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<b>What makes Jehovah’s Witnesses different from other Christians?</b>

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What makes Jehovah's Witnesses different from other Christians?

Jehovah's Witnesses follow the model of "first-century" Christians, subscribing to Bible principles in the Old and New Test-aments that guide every aspect of their lives. They believe that God's kingdom is coming soon and will bring peace on earth.

They don't vote or serve in the military. They don't celebrate birthdays, Halloween, or Christmas, finding no evidence of these observances in the Bible.

What is the meaning
of baptism?

Baptism is a choice Witnesses make — as adults — to dedicate their lives to God. According to the faith, spiritual protection is granted to those who "live in harmony" with their dedication.

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How many in the world? How many in the US?

There are 8.2 million worldwide, 118,016 congregations, and 9.7 million free home Bible courses being conducted. There are 1.2 million in the United States.

Why do they go door-to-door distributing
religious tracts?

Jehovah's Witnesses believe that all Christians are teachers and preachers and are following the example of early Christians who went house to house to share their faith.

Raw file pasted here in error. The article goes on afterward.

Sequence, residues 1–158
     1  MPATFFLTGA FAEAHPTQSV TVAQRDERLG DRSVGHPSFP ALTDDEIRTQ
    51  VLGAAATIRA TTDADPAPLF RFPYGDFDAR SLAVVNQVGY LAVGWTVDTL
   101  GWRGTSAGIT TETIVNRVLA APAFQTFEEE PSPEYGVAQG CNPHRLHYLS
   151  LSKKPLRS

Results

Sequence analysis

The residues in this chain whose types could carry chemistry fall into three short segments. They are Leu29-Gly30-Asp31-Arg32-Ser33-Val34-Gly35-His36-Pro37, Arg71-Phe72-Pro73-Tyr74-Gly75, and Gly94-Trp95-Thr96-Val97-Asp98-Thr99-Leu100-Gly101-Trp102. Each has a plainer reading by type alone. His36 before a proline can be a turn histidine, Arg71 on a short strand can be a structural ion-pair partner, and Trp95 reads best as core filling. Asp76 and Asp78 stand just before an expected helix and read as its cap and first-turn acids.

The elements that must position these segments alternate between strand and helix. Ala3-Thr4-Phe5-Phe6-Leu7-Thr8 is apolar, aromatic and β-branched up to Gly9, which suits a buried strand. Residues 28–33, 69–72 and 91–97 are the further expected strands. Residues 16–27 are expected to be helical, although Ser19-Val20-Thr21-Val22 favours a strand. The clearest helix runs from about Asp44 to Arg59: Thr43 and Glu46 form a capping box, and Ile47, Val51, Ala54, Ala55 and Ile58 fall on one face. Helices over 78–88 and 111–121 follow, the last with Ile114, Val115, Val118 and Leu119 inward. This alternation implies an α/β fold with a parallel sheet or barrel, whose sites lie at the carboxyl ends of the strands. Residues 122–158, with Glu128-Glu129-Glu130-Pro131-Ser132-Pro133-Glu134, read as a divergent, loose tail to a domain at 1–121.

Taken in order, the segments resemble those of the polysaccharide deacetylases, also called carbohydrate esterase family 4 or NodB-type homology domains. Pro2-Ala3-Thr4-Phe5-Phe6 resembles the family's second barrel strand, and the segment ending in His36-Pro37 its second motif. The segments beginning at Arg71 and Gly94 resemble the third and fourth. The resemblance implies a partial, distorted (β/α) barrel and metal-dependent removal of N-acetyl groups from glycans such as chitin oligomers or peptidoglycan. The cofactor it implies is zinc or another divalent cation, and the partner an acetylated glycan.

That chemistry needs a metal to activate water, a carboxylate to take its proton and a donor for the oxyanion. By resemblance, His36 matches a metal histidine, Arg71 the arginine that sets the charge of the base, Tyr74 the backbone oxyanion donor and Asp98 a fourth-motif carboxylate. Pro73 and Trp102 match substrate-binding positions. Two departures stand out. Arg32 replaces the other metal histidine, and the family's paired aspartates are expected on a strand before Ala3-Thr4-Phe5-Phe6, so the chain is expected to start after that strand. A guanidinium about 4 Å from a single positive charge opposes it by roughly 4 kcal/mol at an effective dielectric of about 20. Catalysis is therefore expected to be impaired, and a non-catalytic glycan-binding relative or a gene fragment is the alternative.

What are their core
beliefs?

Witnesses view the Old and New Testaments as "God's inspired message to humans." But they don't take every word literally. Instead they believe that parts of the Bible are written in "figurative or symbolic language."

Witnesses follow the teachings and example of Jesus Christ and honor him as their savior and the son of God. But they believe that Jesus is not God and that there is no scriptural basis for the trinity doctrine.

When Witnesses talk of "The Kingdom of God," they are referring to "a real government in heaven, not a condition" in the hearts of Christians."

SOURCE: jw.org

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